With UK aid from the UK Government, NTEAM’s TAN project provides support and assistance to SUN Movement countries to improve the nutritional status of their populations, especially women and children.
In Kenya, undernutrition, including micronutrient deficiencies, exists alongside overweight, obesity and diet-related non-communicable diseases.
Although Kenya has made substantive progress in reducing the prevalence of stunting in children under five (from 35% in 2008 to 26% in 2014), 26% of children under five are still stunted and 11% of them are underweight, while about 4% are overweight or obese.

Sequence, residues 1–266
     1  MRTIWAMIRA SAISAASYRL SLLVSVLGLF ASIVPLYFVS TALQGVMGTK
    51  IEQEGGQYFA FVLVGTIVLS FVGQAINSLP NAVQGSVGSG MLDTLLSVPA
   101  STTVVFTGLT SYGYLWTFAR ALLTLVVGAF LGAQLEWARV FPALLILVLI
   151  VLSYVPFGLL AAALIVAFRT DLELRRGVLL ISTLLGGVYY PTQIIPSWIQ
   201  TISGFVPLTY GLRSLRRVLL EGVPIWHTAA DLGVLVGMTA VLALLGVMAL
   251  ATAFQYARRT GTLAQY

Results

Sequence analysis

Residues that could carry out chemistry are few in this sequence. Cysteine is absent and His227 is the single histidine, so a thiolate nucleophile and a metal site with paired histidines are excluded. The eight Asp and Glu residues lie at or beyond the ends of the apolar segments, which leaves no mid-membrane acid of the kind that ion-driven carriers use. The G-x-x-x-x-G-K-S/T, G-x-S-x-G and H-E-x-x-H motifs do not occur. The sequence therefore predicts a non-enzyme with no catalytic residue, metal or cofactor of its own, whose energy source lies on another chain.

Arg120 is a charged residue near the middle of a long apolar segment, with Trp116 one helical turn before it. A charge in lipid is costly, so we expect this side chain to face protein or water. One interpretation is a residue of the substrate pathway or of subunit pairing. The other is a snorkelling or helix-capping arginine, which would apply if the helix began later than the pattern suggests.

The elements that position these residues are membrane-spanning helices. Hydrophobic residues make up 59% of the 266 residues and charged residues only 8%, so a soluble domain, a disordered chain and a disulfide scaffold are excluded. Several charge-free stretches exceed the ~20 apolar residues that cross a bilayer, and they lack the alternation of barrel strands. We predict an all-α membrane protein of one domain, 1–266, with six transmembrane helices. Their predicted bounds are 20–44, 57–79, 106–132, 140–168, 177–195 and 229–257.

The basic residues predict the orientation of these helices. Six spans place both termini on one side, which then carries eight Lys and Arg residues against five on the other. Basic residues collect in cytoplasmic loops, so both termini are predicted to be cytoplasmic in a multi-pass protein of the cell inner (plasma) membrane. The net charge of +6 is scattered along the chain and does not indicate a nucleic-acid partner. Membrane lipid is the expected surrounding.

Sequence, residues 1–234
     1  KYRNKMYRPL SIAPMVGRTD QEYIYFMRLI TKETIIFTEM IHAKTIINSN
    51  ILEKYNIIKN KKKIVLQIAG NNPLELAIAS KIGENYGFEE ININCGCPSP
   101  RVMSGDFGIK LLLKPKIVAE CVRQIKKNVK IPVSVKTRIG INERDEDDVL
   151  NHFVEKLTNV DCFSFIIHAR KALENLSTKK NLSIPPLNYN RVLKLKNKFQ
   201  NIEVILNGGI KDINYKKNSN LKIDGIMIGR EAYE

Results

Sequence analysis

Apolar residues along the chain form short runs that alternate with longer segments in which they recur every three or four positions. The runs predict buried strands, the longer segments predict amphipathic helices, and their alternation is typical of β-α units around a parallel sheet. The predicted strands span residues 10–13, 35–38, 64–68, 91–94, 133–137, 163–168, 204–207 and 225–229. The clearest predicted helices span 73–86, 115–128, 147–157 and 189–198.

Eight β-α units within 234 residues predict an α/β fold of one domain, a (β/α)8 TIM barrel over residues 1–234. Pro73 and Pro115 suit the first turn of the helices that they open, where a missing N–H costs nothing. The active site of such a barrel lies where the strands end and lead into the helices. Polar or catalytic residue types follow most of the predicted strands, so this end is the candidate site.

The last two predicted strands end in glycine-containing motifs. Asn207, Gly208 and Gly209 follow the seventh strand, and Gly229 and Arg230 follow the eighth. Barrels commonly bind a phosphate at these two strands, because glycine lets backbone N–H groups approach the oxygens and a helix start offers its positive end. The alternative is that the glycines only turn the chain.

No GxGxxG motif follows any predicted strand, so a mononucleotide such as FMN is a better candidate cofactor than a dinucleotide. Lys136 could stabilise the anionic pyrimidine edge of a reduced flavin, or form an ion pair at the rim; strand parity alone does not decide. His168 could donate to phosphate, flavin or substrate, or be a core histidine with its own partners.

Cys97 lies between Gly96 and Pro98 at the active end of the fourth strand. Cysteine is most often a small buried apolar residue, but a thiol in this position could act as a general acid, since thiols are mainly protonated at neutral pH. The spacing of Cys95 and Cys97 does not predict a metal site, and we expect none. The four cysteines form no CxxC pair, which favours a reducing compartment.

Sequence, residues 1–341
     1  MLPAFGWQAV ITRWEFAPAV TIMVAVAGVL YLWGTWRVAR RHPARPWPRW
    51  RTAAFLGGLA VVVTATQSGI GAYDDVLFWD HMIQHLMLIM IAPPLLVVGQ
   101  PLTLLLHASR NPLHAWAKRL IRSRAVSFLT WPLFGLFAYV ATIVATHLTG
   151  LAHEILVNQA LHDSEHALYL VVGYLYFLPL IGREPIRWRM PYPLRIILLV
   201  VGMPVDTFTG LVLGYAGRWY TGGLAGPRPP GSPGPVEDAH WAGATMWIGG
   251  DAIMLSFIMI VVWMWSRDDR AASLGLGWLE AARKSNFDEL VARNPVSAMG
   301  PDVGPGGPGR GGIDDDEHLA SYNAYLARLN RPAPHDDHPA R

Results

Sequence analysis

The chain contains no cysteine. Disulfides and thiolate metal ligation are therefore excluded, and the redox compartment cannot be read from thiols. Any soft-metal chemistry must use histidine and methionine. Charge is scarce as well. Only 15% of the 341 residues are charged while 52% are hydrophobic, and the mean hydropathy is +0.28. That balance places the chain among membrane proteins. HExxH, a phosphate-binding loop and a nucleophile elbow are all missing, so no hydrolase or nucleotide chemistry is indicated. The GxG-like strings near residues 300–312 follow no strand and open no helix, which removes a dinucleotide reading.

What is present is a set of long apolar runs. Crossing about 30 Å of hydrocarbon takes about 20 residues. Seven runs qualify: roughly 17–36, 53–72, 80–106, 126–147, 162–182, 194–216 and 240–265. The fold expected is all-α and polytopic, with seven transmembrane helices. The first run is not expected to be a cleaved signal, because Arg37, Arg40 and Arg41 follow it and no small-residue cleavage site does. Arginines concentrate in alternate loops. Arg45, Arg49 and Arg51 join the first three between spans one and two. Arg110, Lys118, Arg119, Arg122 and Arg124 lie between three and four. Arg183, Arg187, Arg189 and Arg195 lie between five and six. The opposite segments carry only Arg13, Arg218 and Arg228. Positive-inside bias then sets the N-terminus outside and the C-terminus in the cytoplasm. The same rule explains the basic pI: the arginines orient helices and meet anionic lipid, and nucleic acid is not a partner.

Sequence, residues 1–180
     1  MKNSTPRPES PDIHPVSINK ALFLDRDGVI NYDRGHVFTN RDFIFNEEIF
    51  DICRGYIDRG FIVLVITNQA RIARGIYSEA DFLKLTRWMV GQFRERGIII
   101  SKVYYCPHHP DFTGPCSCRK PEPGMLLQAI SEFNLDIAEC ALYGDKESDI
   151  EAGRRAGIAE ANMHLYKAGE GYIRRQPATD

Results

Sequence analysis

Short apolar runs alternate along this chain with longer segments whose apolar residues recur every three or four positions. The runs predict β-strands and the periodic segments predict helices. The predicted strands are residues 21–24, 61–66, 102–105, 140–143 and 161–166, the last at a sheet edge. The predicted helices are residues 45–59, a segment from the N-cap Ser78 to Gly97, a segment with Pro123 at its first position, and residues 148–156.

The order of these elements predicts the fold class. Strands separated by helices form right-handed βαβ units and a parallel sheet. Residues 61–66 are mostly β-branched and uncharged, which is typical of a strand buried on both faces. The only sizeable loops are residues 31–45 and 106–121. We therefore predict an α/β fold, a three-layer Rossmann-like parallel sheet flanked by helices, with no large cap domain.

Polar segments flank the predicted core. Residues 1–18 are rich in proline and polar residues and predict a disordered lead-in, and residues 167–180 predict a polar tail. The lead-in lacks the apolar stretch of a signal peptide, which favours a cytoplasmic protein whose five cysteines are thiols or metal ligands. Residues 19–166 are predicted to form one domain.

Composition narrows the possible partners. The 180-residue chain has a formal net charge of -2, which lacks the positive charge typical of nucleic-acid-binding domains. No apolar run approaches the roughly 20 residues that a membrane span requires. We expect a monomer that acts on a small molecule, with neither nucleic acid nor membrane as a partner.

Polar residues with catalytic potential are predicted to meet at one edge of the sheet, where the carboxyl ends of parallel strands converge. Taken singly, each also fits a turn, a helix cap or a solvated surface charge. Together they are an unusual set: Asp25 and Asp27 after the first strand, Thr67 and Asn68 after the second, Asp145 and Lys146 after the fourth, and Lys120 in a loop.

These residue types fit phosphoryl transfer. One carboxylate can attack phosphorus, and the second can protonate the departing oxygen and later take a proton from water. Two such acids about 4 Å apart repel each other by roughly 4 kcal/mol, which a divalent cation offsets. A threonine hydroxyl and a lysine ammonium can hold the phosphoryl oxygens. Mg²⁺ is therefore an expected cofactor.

Stunting is highest in the Coast, Eastern, and Rift Valley regions. Eleven out of 47 counties have a stunting prevalence of above 30%, a level categorized as severe. While wasting among children under five is relatively low nationally (4%), it is 14% in the Northern region.
Kenya’s neonatal mortality and children under five mortality rates also remain high.
Iron deficiency (26%) and anaemia (42.6%) are high among pregnant women in Kenya, which negatively affects the health and development of the mother and her unborn baby.
Maternal deaths make up to 15% of all deaths among women of reproductive age, equaling approximately 7,300 women dying each year.
Without scaled up and sustained efforts to address malnutrition in Kenya, the country’s long-term development will be seriously affected. Strategic planning is key to achieving good nutritional status in the country.